Copenhagen coal in the stocking?
As a kid in Milwaukee, my parents told me that Santa would leave coal in my stocking if I was naughty. As the post mortem of Copenhagen is written, was it a lump of coal in our 2009 holiday stocking — or could this global chunk of carbon actually be a diamond in the rough?
For the past three years, over half the states in the U.S., along with states/provinces in Canada, China, Mexico, Brazil, and Indonesia, have been acting like nations under the U.N.’s Kyoto Protocol for climate change policy. States like California have adopted laws and action plans, including the creation of a massive cap-and-trade carbon market (launching in 2012), that will cut carbon emissions to 1990 levels by 2020 and 80 percent below that by 2050 — in line with U.N. goals. These “sub-nationals” didn’t wait for their national governments to act.
President Obama has now taken a page from that playbook by recruiting China, India, Brazil, and South Africa to take carbon-cutting action without waiting for the U.N. and the other 187 countries. This Gang of Five has effectively broken the “you go first” stalemate, because they have committed to figure out domestically what can be done — based on what a majority of their states/provinces are doing already — and put those pledges on the table next year. If those commitments, plus the work that Europe and others are already doing, adds up the goal of preventing a rise in average global temperature of 2 degrees centigrade, that’s the defacto new global climate agreement. If the individual pledges come up short when taken together, the world will know how much more needs to be done and can look at strategies to fill that gap. Either way, the first fundamental steps will have been taken — thanks to the commitments of states and provinces.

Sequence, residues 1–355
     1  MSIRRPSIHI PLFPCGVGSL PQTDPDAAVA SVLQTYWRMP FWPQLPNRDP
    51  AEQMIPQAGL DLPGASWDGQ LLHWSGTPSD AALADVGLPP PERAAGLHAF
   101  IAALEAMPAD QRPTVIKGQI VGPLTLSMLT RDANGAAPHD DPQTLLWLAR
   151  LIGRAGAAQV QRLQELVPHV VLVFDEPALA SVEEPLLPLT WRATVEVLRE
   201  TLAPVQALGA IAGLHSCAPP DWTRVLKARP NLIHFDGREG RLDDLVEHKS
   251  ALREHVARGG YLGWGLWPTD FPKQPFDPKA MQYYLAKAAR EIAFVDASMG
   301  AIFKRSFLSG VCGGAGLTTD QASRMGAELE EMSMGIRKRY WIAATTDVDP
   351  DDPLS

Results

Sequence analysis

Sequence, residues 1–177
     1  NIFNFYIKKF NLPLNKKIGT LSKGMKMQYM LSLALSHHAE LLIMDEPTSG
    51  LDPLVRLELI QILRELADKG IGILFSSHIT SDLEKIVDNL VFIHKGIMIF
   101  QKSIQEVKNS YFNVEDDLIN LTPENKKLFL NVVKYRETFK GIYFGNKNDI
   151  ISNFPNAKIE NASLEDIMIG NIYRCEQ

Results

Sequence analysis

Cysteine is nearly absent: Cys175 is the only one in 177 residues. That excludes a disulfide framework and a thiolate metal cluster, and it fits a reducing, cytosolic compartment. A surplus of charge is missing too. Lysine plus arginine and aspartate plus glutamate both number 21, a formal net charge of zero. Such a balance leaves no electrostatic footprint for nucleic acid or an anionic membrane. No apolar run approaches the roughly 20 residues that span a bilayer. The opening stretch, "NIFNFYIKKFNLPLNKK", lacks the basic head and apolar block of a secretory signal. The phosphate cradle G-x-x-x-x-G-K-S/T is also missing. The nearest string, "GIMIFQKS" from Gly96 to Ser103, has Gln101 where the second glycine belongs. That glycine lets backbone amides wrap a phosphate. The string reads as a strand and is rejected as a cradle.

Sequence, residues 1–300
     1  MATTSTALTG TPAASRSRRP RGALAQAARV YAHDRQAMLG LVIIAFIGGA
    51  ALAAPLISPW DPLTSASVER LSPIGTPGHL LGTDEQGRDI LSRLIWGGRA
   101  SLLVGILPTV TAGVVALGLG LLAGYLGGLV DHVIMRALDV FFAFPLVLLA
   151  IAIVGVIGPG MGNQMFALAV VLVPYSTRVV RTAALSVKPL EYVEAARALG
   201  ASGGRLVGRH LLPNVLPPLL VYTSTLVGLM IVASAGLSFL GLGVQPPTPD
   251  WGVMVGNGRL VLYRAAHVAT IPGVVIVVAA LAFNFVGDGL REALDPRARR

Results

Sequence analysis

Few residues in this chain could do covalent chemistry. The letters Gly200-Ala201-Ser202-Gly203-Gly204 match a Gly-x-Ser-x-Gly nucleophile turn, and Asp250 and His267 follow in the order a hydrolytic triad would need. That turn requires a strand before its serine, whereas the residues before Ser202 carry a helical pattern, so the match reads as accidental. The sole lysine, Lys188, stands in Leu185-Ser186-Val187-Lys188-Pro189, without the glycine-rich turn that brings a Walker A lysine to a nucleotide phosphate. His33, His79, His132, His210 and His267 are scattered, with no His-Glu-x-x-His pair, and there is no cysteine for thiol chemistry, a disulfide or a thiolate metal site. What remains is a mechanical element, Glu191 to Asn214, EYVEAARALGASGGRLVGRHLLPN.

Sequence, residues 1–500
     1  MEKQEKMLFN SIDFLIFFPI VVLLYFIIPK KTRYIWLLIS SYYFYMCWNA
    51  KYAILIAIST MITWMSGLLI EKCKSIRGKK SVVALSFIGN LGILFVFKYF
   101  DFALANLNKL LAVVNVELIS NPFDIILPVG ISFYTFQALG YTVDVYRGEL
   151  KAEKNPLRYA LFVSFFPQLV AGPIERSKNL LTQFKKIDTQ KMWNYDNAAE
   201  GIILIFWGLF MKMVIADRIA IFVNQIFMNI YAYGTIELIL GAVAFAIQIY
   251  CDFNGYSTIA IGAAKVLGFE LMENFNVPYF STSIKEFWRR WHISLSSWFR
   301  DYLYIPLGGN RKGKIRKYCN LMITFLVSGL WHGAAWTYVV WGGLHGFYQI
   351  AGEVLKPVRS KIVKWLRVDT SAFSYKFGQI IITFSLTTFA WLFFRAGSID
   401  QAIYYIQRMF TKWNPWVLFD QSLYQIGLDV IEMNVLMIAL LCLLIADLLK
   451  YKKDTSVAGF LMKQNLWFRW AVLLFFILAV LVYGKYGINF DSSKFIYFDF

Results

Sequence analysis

The Gang of Five may also have done the world a favor by blowing up the U.N. process in Copenhagen, because it cleared the way for parallel international alliances to blossom. California Gov. Arnold Schwarzenegger announced the creation of the R20, a new “sub-national U.N.” (starting with 20 regions of states/provinces/cities) that will coordinate the work of these climate leadership governors and mayors, but with a major difference from the old U.N. The R20 will set high standards for cutting carbon and creating green economies, then invite others to join — if they can meet the same goals. By contrast, the U.N. has struggled because it needs every nation in the tent and can only get things done when all 192 agree — something that rarely happens unless goals are watered down to the lowest common denominator.
So what does this mean to businesses, investors, and consumers? Carbon will have a price globally by 2012. Period. Much of that cost will be offset by reductions in energy bills, because of efficiency improvements and deployment of renewables (after you pay back the cost of a solar panel, for example, electricity is free), but the price of everything will change — some going up and others going dramatically down. Copenhagen may have failed on some levels, but it succeeded in sparking the moves by the sub-nationals and the Gang of Five to ensure at least that fundamental result.
Although I was a pesky little kid, I never actually found coal in my stocking. Given the results in Denmark this month, the future uses for coal may well be limited to this kind of holiday humor — and our environment and economies will be the better for it.
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